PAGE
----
Retail Roundup | November 2022
As a retail technology company obsessed with data, we at Tillerman are constantly looking at the trends and forecasts shaping the retail industry broadly. The start of 2022 continued to bring challenges with supply chain issues, inflation and of course Omicron having an impact, but there were bright spots as well. Heres a roundup of some of the retail stories that caught our eye this month.

With the November weather finally turning cold, all eyes were on Black Friday to close out the month. According to the Wall Street Journal, early signs were pointing to a more muted shopping day than last year. But surprisingly they found that people spent $5.3 billion online on Thanksgiving Day, up 2.9% from the holiday last year. Adobe Analytics, which the WSJ cited in their article, forecasted that online spending on Black Friday itself would be between $9 billion and $9.2 billion, up 1% to 3% from a year ago. Results came in on the higher end of that estimate and, according to Retail Dive, Adobe Analytics reported that Black Friday's online spending reached $9.12 billion this year, up 2.3%.

Contrastingly, muted expectations for Singles Day proved true as this year's results were "disappointing" according to BOF. Neither Alibaba-owned Tmall nor rival published precise Singles Day figures-for the first time in more than ten years-but estimated results were well off the $115 Billion generated in 2020, and most fashion and luxury players were unhappy.

Macy's and Mattel both expanded their footprint in the Metaverse. Macy's produced a virtual Thanksgiving Day Parade (in the metaverse) with a digital experience powered by the OnCyber metaverse, and Mattel has launched its own NFT marketplace.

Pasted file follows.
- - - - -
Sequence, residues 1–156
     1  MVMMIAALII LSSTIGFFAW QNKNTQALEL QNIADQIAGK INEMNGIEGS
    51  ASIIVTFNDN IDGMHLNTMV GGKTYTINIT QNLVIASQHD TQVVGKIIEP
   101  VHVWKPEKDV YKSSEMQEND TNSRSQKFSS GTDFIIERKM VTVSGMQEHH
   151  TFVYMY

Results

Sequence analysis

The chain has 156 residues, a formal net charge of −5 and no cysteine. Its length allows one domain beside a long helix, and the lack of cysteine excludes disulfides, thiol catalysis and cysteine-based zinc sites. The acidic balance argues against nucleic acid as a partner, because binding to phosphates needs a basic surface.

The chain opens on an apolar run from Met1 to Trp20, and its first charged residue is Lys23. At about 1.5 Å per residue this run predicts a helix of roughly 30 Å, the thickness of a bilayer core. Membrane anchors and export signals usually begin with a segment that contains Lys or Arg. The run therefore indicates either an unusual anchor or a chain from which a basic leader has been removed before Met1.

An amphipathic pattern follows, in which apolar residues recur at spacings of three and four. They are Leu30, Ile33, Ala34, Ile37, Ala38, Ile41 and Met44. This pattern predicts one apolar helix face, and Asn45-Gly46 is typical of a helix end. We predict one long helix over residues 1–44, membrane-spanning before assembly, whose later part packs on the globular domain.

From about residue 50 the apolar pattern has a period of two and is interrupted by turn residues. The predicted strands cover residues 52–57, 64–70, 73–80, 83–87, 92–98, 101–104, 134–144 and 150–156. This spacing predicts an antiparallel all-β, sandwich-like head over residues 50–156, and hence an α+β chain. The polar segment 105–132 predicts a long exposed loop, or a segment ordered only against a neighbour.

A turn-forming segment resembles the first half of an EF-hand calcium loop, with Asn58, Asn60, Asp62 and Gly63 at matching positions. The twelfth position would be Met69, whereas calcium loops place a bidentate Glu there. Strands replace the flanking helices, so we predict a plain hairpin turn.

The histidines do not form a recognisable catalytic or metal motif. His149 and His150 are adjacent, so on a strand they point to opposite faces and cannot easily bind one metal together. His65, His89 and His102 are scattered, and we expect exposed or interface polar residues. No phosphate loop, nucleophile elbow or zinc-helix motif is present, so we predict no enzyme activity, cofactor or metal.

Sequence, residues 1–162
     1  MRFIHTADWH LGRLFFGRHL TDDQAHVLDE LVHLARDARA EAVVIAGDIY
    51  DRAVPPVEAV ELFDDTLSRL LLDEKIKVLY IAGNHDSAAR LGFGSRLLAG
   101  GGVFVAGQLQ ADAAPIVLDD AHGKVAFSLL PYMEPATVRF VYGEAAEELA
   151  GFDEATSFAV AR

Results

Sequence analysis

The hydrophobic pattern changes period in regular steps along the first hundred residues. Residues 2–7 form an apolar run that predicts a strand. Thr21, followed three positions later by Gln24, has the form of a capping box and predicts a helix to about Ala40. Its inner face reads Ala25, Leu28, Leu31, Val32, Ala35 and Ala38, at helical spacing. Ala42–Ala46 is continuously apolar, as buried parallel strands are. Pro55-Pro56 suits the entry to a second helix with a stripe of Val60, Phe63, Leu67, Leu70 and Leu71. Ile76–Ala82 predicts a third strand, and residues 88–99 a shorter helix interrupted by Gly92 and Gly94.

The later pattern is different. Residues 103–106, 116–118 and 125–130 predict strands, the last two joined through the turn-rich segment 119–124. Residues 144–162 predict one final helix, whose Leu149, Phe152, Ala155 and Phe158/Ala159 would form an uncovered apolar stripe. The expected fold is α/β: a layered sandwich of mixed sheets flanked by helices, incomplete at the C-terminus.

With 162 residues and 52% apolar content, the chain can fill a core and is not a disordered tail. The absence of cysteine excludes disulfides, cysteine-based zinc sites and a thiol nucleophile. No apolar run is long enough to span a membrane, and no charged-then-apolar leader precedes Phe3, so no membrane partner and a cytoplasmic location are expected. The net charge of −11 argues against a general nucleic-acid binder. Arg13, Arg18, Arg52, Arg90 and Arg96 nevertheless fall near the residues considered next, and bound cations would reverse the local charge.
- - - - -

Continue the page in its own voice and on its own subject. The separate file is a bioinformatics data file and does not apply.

The New York Times reported that Walmart delivered a rise in sales in its latest quarter, signaling that consumers have continued to spend despite high inflation and that the retailer had moved past the missteps that plagued it earlier this year. Walmart also increased its full-year forecast for revenue and profit, and projected confidence by announcing a $20 billion share buyback.

Sticking with the theme of positivity, fashion trends have continued to drive sales in spite of inflation and recession fears. The Dad Sneakers movement stays strong, according to the Wall Street Journal. The sneaker, typically bland and oversized in style, has proven to be a massive hit among consumers driving prices upwards of $1,000 from luxury labels like Balenciaga and Gucci. The trend has also inspired a reappraisal of stalwart athletic brands like New Balance, Mizuno and Asics. Despite their bargain brand aesthetic, a series of blocky New Balance 550 sneakers (made in collaboration with New York brand Aimé Leon Dore) have become a staple among city dwellers and boast a resale value three times their original price.

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